Wherever you live, if you drink from a private well, get your water tested
Arsenic: colorless, tasteless, odorless, ubiquitous in nature, a favored homicidal agent since the first century. A naturally occurring element, arsenic exists in rocks and soils throughout the world.
In arsenic “hot spots,” natural processes can cause the toxic element to migrate into the water people tap for household wells. Exposure to arsenic through drinking water is linked to reduced immune function, cardiovascular disease, diabetes, respiratory illnesses, some cancers, and other ills.
News of several recently published studies report that even at relatively low levels of long-term exposure, arsenic can harm human health.
For example, low to moderate amounts of arsenic in drinking water may irreversibly damage lungs in ways that mimic decades of heavy smoking.
Newly published Dartmouth research found that the greater the arsenic exposure in a pregnant woman, the greater the number and severity of respiratory and diarrheal infections in their infants. The Dartmouth researchers have also found a link between maternal arsenic exposure and low birth-weight babies.
The sobering news
Water-quality experts estimate that 13 million Americans get their drinking water from private wells with arsenic levels above the federal standard of 10 parts per billion.
While federal law requires regular testing of public drinking water supplies to meet the federal Environmental Protection Agency standards, neither EPA nor any states require testing for private wells.
“The common barriers to testing (for arsenic or other contaminants) include knowledge of what to test for and where to send the sample,” says Kevin Masarik, groundwater education specialist with the University of Wisconsin Extension.
Masarik says about a third of Wisconsin residents drink from private wells, and estimates that fewer than 10 percent of those wells have been tested for arsenic. “Generally, the only time a well gets tested is right after the well is first constructed, and then, only for bacteria,” he says.
In Wisconsin, “Extension’s educational programs work at different scales–statewide, county, and local. We put out timely press releases. Many county Extension offices distribute water-testing bottles residents can mail back. In other counties Extension personnel work with county health departments or soil and water departments,” Masarik says.
“We also host water-testing events where bottles get distributed locally and residents bring them to common collection sites. This makes it convenient for people to get over that hurdle of how to collect the sample, what to test for, and where to send their samples.”
“We recommend testing at least once for arsenic, then every year or so if results reveal any level of contamination with arsenic.” Although arsenic is tasteless and odorless, Masarik says, “We also suggest testing if you notice any changes in the way your water tastes, smells, or looks, as these changes may indicate changes in the underlying hydrology of the area.”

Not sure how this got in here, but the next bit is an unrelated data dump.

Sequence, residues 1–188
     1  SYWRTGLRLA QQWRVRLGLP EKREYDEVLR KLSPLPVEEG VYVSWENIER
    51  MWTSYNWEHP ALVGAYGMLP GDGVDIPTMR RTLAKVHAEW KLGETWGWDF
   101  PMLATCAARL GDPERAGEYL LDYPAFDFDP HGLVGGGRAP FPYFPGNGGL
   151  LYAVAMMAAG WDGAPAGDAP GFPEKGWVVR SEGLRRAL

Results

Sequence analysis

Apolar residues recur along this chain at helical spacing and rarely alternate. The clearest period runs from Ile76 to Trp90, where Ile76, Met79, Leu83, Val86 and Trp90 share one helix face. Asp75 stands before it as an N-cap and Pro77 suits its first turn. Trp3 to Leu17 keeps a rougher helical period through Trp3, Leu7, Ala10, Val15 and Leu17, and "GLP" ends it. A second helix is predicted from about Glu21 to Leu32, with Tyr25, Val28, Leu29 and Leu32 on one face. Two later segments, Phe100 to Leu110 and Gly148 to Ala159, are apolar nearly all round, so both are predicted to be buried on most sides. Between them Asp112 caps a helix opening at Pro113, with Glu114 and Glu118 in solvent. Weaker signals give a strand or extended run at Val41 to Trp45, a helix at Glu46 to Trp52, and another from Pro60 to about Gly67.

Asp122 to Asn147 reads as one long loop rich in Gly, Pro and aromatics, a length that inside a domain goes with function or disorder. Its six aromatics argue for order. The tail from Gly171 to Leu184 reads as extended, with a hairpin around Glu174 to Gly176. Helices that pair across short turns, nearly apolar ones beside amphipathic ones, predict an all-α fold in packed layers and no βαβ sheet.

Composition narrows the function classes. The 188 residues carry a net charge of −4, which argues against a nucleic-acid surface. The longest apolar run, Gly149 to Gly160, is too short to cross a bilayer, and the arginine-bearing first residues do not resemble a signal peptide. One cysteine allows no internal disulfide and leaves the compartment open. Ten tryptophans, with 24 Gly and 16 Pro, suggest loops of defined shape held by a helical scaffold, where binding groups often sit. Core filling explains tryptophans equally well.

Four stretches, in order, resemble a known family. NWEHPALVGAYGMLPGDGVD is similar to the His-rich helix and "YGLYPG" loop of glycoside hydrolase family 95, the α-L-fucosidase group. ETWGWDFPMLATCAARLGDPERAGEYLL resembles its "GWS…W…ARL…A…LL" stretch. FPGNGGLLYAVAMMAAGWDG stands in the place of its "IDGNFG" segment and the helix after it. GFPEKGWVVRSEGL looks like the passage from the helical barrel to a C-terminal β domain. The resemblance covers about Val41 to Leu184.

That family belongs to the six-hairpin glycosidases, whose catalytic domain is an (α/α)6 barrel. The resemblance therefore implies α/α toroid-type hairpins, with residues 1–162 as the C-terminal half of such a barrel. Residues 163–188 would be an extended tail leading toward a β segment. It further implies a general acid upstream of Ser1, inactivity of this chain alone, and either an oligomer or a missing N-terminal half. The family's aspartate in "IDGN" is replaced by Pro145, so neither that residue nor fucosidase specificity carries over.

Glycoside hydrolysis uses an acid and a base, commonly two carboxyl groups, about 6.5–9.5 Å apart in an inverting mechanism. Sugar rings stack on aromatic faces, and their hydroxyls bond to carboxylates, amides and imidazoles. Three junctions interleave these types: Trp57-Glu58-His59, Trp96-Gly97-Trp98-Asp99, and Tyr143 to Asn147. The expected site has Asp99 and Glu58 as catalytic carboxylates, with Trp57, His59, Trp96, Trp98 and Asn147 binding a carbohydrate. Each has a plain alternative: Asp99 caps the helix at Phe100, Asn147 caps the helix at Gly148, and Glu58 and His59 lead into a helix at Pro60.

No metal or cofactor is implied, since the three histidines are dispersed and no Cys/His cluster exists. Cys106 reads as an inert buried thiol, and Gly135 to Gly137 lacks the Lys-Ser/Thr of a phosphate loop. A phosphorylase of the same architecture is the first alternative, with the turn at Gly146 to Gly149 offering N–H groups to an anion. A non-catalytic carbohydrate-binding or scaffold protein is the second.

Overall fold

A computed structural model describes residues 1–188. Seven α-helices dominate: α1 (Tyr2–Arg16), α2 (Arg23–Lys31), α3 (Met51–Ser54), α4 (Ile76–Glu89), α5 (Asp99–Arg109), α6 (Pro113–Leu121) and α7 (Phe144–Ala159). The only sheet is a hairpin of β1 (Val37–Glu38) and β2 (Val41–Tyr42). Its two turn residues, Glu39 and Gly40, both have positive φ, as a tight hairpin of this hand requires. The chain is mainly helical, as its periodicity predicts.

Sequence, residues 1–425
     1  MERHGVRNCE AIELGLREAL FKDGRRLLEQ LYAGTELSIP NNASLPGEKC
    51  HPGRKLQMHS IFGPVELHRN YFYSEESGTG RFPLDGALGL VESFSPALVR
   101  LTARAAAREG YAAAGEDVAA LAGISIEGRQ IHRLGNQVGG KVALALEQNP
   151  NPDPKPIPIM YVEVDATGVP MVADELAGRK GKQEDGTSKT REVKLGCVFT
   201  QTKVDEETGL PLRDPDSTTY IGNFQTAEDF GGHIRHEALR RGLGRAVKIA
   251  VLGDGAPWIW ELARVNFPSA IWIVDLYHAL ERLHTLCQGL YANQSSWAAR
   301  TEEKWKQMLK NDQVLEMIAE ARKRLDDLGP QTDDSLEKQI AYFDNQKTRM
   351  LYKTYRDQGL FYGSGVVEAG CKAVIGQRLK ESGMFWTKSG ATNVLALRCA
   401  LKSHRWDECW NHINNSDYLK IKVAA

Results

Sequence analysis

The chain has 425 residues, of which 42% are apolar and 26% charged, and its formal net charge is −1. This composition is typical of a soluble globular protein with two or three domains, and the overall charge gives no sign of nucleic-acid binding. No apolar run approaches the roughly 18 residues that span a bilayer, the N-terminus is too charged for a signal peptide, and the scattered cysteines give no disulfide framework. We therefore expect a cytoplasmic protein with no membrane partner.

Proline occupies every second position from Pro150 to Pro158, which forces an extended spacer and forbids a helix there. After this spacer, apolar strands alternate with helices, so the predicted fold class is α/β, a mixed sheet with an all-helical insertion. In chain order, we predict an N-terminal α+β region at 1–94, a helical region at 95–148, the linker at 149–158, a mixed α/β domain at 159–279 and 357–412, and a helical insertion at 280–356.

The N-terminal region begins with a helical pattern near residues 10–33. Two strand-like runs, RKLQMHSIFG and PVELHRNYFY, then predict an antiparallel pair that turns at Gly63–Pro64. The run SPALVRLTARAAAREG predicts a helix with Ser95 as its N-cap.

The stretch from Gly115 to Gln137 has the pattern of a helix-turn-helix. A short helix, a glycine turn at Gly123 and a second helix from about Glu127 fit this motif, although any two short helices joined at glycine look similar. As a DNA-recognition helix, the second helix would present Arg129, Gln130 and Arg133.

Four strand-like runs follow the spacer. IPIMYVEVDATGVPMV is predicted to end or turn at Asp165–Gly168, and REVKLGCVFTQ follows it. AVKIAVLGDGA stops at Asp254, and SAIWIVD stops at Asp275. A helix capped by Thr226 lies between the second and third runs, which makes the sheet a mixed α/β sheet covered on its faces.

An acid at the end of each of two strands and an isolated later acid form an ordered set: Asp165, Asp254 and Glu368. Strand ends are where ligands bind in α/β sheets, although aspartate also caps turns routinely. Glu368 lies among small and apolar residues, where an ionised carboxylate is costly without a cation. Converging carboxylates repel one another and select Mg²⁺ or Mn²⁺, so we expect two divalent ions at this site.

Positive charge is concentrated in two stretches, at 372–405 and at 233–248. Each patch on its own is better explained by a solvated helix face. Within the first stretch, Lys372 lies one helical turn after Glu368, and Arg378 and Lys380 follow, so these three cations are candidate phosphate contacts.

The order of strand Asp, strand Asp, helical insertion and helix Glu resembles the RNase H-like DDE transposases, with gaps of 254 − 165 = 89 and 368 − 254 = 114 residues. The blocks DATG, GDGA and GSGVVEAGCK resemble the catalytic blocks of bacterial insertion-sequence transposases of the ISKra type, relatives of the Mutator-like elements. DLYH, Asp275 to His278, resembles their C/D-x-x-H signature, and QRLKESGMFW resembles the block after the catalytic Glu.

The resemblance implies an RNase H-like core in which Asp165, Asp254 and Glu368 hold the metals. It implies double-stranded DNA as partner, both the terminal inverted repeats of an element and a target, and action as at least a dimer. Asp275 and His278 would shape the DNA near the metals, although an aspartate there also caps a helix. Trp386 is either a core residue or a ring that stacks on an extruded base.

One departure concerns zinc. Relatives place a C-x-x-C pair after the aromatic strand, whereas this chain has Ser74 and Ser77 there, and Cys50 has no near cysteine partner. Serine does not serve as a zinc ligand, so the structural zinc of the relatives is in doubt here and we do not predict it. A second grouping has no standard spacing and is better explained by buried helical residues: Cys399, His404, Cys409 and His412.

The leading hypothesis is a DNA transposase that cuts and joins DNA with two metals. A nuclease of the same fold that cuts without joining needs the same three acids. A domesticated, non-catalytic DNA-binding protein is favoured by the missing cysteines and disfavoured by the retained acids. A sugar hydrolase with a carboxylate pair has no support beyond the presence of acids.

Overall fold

Masarik notes that prolonged drought or increased water use, and loss of recharge area can sometimes result in fluctuations of the water table that allows more oxygen from the soil or air into the aquifer, which in turn may leach more arsenic from bedrock.
Drew Gholson, program specialist, and Diane Boellstorff, assistant professor and Extension water specialist, are part of a Texas A & M Extension team providing educational outreach to Texas’s estimated 2.3 million private well owners.
They work through the Texas Well Owners Network (TWON), in partnership with the Texas Water Resources Institute.
In addition to offering an impressive collection of fact sheets for programs, TWON works with county Extension offices throughout Texas to distribute sample bottles and instructions for filling and where to send them for analysis.
“We travel throughout the state, offering daylong ‘Well Educated’ trainings and one-hour ‘Well Informed’ screenings,” Gholson says. “At both events, residents can bring well-water samples to be field-screened. If analysis detects contaminants, we urge the well owner to submit a sample to a certified lab.”
Boellstorff says strategies for households with arsenic-contaminated wells include using bottled water for cooking and drinking, extending a well casing, drilling a new well, or installing one of various treatment systems that reduce the contaminant.
“We recommend annual testing for all private drinking-water wells.” says Boellstorff, “especially if the results show any level of arsenic.
“If it was my drinking water, and the analysis showed any level of arsenic” she adds, “I’d be inclined to test it at six-month intervals.”
- Where to go in your state for help testing drinking water
- Arsenic in Ground-Water Resources of the United States
- Why do we have arsenic in drinking water at all?
- Arsenic in your food — Scientists have just begun investigating how arsenic gets into food, particularly rice.
- Map of arsenic in drinking water
- Private well owner hotline
- Understanding groundwater
- Inorganic arsenic (the toxic forms)
Released October 22, 2013
Sources: Kevin Masarik, M.S., University of Wisconsin, Stevens Point, firstname.lastname@example.org
Drew Gholson, Master of Water Management, Texas A&M AgriLife Extension, email@example.com
Diane Boellstorff, Ph.D., Texas A&M AgriLife Extension, firstname.lastname@example.org
Writer: Peg Boyles, eXtension, email@example.com
Photo from Flickr account kretyen http://bit.ly/176JqoZ Some rights reserved. http://creativecommons.org/licenses/by/2.0/